Do You Miss Final Fantasy Tactics? Give War of the Visions a Go
War of the Visions: Final Fantasy Brave Exvius is the latest Square Enix game to release on mobile, and one of many based on Final Fantasy. However, like each of the games based on the IP available now, War of the Visions (which I’ll now refer to as WotV) tackles a different playstyle entirely. Inspired by the Final Fantasy Tactics series of games, WotV offers turn-based, grid-based battling, featuring some of your all-time favourite Final Fantasy characters, and a slew of charismatic newcomers.
Set in the distant past of Brave Exvius’ story, WotV takes us to Ardra, where five warring nations are fighting for supremacy. You begin your journey with the Kingdom of Leonis, where Mont Leonis, the heir to the throne, fights despite his wishes that all the kingdoms could get along. His brother, Sterne, is the public’s favourite to ascend the throne, and he has the skill to do so, which teases a growing conflict between the two siblings who can’t quite see eye to eye.
Similarly to Tactics, WotV has its roots in military conflict, where a group of well-meaning characters each have their own reasons for fighting, and their own wishes to be fulfilled. If you enjoyed Tactics’ Ramza’s tale of being a naive, noble knight who grows to become an unstoppable force of good, you’ll enjoy beginning your journey with Sterne. Of course, WotV is on-going, so we can only guess where the story will take us, and how the characters will grow. So far, Square Enix are doing a wonderful job with the game’s large cast.
As mentioned earlier, the gameplay is inspired by Tactics. You move your party of five across a square grid, and each character comes with specific strengths and weaknesses. It’s all about positioning, and ensuring that you have the right party for the mission ahead, as the wrong line-up could easily be crushed by the opposing army. Magic users sometimes need extra turns to charge a spell, whilst some melee characters may lack the range to effectively tackle multiple opponents. There’s a lot of foresight needed, but thankfully, as I’ll touch upon soon, there are many options to help you along the way.
Each character has different job roles, varying from Black Mage, Knight, Cleric, Dragoon and more than a dozen others, meaning you’ll be at a slight disadvantage if you choose your party solely based on favourites or character designs — I know, I know, it’s sorely tempting, but it’s worth mixing up the job roles and leveling up those characters. You can auto-set a recommended party, too, which has been a great help. This also works on Vision Cards, which grant your selected unit with unique special effects and party abilities, with the latter aiding your entire team in battle.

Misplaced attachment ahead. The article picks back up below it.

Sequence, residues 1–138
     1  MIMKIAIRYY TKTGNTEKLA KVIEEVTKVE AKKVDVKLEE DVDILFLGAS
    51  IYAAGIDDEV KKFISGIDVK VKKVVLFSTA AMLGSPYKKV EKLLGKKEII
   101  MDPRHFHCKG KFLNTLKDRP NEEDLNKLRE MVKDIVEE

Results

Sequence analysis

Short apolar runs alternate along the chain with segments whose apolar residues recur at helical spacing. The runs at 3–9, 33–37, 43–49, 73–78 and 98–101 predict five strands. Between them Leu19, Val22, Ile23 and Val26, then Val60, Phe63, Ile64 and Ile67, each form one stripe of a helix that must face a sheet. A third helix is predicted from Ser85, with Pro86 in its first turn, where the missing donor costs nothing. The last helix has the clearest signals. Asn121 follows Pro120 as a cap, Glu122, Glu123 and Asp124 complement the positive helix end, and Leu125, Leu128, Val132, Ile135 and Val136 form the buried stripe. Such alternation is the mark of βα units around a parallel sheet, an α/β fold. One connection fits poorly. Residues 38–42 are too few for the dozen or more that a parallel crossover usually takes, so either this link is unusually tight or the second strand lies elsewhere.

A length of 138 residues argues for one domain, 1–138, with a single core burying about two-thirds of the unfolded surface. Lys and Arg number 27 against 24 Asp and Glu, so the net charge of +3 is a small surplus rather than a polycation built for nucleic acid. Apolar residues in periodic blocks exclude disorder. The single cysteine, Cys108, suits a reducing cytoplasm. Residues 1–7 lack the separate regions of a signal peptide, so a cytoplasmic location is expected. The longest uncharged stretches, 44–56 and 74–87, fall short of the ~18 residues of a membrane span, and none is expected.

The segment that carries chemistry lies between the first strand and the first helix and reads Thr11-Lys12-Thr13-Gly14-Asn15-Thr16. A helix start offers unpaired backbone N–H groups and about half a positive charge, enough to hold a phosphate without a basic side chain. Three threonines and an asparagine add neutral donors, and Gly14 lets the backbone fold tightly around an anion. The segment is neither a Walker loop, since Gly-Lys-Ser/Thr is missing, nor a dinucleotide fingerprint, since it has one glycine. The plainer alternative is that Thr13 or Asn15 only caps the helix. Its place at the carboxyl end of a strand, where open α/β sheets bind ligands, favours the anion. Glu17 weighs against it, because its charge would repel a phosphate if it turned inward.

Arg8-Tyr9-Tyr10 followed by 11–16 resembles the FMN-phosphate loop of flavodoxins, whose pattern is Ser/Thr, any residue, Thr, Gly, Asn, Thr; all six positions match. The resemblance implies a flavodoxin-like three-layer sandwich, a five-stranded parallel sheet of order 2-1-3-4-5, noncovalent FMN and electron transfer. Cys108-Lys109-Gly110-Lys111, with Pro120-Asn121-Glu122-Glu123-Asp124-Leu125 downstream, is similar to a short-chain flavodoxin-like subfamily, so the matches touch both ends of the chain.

I pre-registered, so I was able to participate in the launch events, including one based on Tactics itself, including Ramza, Agrias, Orlandeau and more. This means I was fortunate enough to get my hands on some powerful characters in the UR and MR (SSR equivalent) ranks, and Y’shtola from FFXIV.
WotV has been very generous to me in terms of summoning characters and earning Visiore (in-game currency) to do so, and I haven’t yet felt forced to spend any real money. Similarly to Dissidia Final Fantasy: Opera Omnia, I’ve been content with what I’ve earned in-game, excited to do my daily log-ins, and I’m generally happy to wait for my NGR to refill — this is similar to energy or stamina as seen in most mobile games on the market.
Two specific features I’m really impressed with outside of the story and gameplay is that the game features dual-audio, with both English and Japanese options. The casts for both languages are amazing too, featuring the likes of Bryce Papenbrook, Erica Mendez and Amber Lee Connors. As someone who adores the art of voice-acting, I’ve really enjoyed this element of WotV.
Secondly, is the inclusion of Espers — otherwise known as Summons or Eidolons. Summoning one of these in battle grants a brief CGI cutscene, which sees Square Enix push mobile technology to the limit once again. You summon Ifrit very early on as part of a tutorial battle, and it is evidence of a reasonably high production budget. The game, in general, looks fantastic.
WotV feels like a love letter to Final Fantasy fans — not just Tactics fans. The Espers, Limit Breaks (as in to break your level limitations, as opposed to a flashy attack), a wide range of Jobs, and a few familiar faces means that any Final Fantasy fan can pick this up, and the story is self-contained enough that you can jump right in as a newcomer, too — you don’t need to have played Brave Exvius, but you should because it’s very different, and equally as good.
For those who are struggling, or simply want to enjoy the story without playing the game, you can use autoplay to let your party do its thing — it’s very competent! I’ve done this a few times, as it’s a great way to see the optimal way to approach a battle, and well, uh, maybe I struggled sometimes!
If you’re yearning for a new Final Fantasy Tactics game, this is currently the closest thing available right now. It’s very early days for the game, but I’ve been enjoying my time with it, and I recommend that you check it out for yourselves.